MUSIC AS A SUBSTITUTE FOR EXERCISE, Tranchell, The Cambridge Review, 24th January 1959

It is not generally realized how physically taxing are the demands of musical performance. In certain duller colleges where the fellows prefer the greater proportion of students to be scientists but choose them for athletic promise (with a result in both fields as undistinguished as their taste for architecture), a man who confesses so much as a temptation (let alone a desire) to practise some form of music-making rather than a so-called athletic sport, is stamped as a long-haired eccentric, and if not made to feel a pariah, is certainly denied amenities comparable to those lavished on the various forms of organized barbarism favoured by the lowest common factor of his college.

Surely a reform is to be hoped for. Who does not nowadays know that “taking exercise” is by no means a royal road to good health when the exercise is (as is usual) taken in violent and sporadic spasms? One is reminded of those happy “christians” who practise their faith only on Sundays for fifty minutes at a time. And we are aware that physical exercise which schoolmasters extol as a bromide does in fact excite those appetites they hope to lull—gluttony and lust. Were this not so, I fancy we should feel less cautious about admitting women to bump suppers.

Nor are we deceived by the legend that the playing of “games” induces a “team spirit”; for rather it perpetuates that fear of individuality which is the malaise of our time. If the battle of Waterloo was won on the playing fields of Eton, then certainly the playing fields there and all over England have lost us the British Empire. It is nothing to do with the bull-dog spirit when a man does an energetic act not for the pure joy of skill and control, but out of a hankering for the approbation of his confreres or a fear of their disdain. The practice of athletics in teams inculcates quite demonstrably a cowardly preference for drab uniformity, the apotheosis of the faint-heart, and is the opposite of what is implied by the word Education.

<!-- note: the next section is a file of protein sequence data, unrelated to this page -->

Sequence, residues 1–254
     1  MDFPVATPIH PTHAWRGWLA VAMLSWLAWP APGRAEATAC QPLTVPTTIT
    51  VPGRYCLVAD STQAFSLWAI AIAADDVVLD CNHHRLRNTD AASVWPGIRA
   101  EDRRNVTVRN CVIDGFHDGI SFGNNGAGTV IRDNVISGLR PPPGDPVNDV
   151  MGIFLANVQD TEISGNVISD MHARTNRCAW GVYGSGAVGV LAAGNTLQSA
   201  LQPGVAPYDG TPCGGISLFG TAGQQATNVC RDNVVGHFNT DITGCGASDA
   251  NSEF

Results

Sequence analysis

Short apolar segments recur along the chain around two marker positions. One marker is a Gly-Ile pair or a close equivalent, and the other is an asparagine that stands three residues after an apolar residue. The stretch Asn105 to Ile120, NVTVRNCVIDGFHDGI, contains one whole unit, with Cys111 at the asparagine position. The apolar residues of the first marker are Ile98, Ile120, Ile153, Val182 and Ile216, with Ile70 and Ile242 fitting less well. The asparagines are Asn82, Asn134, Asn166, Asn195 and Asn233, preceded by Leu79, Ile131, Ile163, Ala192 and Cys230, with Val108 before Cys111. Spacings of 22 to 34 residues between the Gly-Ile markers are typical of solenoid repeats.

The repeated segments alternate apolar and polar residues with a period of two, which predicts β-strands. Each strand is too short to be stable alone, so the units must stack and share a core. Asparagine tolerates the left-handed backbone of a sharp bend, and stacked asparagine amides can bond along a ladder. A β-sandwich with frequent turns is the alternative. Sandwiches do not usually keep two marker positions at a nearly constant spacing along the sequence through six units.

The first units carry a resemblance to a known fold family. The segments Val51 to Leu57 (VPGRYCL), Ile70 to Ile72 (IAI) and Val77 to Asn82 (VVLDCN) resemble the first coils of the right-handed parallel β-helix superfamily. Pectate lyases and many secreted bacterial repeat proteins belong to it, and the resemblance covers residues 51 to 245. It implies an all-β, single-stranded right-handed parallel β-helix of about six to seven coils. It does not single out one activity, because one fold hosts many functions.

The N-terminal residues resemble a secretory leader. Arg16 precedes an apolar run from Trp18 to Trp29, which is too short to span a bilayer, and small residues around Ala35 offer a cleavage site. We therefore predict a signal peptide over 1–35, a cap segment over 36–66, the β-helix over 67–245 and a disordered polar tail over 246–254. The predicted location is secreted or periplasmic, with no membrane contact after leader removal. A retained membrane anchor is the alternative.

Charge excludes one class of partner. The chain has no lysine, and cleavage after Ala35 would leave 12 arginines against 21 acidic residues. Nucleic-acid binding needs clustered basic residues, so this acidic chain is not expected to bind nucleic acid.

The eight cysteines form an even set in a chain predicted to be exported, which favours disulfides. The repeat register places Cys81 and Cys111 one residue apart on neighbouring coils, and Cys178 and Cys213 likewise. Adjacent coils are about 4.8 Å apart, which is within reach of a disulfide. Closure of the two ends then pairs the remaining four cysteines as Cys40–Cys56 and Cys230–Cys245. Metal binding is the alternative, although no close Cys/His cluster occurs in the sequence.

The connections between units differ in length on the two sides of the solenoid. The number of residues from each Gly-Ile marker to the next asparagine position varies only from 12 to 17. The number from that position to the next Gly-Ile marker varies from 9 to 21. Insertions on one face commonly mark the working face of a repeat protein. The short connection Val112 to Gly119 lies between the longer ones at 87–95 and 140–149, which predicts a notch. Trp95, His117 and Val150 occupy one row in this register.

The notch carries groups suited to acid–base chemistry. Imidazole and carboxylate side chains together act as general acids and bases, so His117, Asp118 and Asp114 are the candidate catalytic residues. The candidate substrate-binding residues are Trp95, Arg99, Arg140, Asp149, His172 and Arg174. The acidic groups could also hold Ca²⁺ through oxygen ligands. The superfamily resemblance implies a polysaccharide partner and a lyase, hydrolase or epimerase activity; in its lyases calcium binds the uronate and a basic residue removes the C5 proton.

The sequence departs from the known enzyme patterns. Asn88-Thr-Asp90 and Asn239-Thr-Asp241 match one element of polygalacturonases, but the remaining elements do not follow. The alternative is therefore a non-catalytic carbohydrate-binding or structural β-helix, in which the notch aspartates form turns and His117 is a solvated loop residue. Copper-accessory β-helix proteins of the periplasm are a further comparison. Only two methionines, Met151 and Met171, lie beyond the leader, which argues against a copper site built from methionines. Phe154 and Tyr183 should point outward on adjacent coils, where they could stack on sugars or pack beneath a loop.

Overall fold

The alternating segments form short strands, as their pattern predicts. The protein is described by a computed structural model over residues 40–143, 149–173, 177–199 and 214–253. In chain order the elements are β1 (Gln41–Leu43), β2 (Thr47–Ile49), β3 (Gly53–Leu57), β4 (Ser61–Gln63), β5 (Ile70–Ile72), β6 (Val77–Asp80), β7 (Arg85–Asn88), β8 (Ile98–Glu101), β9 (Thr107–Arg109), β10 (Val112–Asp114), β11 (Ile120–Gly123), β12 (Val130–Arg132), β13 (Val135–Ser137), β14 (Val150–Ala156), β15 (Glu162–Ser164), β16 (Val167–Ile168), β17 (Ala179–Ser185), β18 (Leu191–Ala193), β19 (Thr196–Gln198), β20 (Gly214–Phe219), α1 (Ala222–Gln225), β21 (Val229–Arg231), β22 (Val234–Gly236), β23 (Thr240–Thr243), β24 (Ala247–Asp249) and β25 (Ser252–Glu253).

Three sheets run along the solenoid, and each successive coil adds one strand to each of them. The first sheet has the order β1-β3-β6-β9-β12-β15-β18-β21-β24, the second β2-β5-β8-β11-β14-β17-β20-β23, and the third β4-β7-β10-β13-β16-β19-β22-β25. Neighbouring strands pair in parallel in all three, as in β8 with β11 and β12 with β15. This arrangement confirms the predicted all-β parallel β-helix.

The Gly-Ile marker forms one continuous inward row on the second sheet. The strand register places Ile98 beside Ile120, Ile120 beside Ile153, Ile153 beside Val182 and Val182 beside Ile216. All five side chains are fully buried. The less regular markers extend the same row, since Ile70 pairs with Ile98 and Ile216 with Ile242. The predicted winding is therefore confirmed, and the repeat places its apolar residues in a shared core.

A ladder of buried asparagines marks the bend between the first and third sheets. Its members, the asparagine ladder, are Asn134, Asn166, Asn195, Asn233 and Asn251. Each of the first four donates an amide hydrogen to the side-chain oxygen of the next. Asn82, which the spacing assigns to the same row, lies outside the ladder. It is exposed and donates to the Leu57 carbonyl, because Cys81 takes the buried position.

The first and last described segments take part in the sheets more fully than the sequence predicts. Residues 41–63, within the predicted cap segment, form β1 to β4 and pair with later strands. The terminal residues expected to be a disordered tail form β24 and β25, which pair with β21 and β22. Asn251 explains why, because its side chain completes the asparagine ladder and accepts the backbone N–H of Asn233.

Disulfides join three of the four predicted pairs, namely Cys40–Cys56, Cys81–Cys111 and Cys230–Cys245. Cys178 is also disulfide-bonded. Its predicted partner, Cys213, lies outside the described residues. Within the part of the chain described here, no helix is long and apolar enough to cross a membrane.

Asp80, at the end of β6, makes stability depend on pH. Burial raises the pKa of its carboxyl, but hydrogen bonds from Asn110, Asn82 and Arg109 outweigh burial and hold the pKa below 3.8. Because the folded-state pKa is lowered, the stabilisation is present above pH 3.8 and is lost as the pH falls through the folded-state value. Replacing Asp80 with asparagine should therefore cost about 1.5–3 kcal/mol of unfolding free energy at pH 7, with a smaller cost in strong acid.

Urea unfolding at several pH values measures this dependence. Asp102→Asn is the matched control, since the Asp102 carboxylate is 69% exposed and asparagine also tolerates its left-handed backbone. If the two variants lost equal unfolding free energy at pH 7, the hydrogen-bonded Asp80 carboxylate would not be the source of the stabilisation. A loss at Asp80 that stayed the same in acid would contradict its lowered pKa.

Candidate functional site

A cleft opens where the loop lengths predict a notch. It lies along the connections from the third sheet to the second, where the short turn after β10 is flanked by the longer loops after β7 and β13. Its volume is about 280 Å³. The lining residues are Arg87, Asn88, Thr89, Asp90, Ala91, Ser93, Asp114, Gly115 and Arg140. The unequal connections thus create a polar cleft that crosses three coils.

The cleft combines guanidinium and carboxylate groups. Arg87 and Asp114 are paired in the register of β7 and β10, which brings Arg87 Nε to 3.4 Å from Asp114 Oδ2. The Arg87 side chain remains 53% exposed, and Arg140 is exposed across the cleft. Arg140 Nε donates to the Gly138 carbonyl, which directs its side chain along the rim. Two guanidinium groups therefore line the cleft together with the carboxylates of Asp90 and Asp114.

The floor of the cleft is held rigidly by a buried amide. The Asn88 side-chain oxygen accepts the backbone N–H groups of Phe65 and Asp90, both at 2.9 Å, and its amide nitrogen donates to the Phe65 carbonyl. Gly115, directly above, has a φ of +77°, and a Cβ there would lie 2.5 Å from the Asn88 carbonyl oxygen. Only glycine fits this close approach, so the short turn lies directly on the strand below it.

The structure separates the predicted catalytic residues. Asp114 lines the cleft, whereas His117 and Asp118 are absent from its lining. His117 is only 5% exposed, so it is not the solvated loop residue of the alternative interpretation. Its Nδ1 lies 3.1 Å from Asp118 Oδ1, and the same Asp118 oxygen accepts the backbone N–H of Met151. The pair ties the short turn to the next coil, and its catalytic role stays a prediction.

But the practice of music exceeds in physical benefits all common athletics, and surpasses even Ballet, for which such a soul-destroying training is necessary.

It is all very well to leap about on a field after a ball, or to stand stock still for two hours in front of a wicket (in what is, I believe, called a “defensive stand”). These things require but a rudimentary skill. We buy and sell our professional athletes and our stadiums and concourses are not devoid of intrigue and corruption; and this is a pointer to the true evaluation of sport by the public.

But there is little rivalry between cities or counties for the acquisition of flautists. It could not be countenanced, any more than bidding for bishops. For the occupation of flute-playing (like being a bishop, only in another way) occupies the whole man. A considerable mobilization of force and poise, of alertness and taste must be summoned for the demurest toot.

And consider how exacting it is to sit absolutely still and quiet in some limbs, at the same time performing a piano concerto with others. The spinal control, the supreme tension coupled with repose, the allocation of energy only to the parts that need it, and the mental effort of controlling all these nuances with a critical watchfulness, ever changing with the changing context. A masterpiece of cybernetic synthesis. Why, even Yoga is pale by comparison.

But ask a hockey player (as he hurtles gauchely into the tackle) to modify his flight, to swing with perhaps a divine hesitation, to put an elegance into his footfall, and to remember the formula for calculating the behaviour of a flying spheroid, all at once. Has he the control? Can he do it? Pooh! He is but a galloping robot, armed with a cudgel.

Yet, a physical and mental control of this kind is but a tithe of what is expected of the musician during a musical performance, whether pianist, instrumentalist, or vocalist. And though it may be said that the miles walked by an organist during the pedal part of a Trio-Sonata often outweigh the musical content of his rendering, and though there are grounds for believing that singers on the whole are a race of anthropoid apes which have not yet acquired the trait of keeping their mouths shut, still the act of organ-playing and the act of singing, if properly practised, are no less exacting than other forms of music.

Is it too much to hope that College Councils will see the light, so that eventually music will supersede our present barbarous and insufficient athletics, and in the end the boat-race be happily replaced by a double-concerto?

Peter Tranchell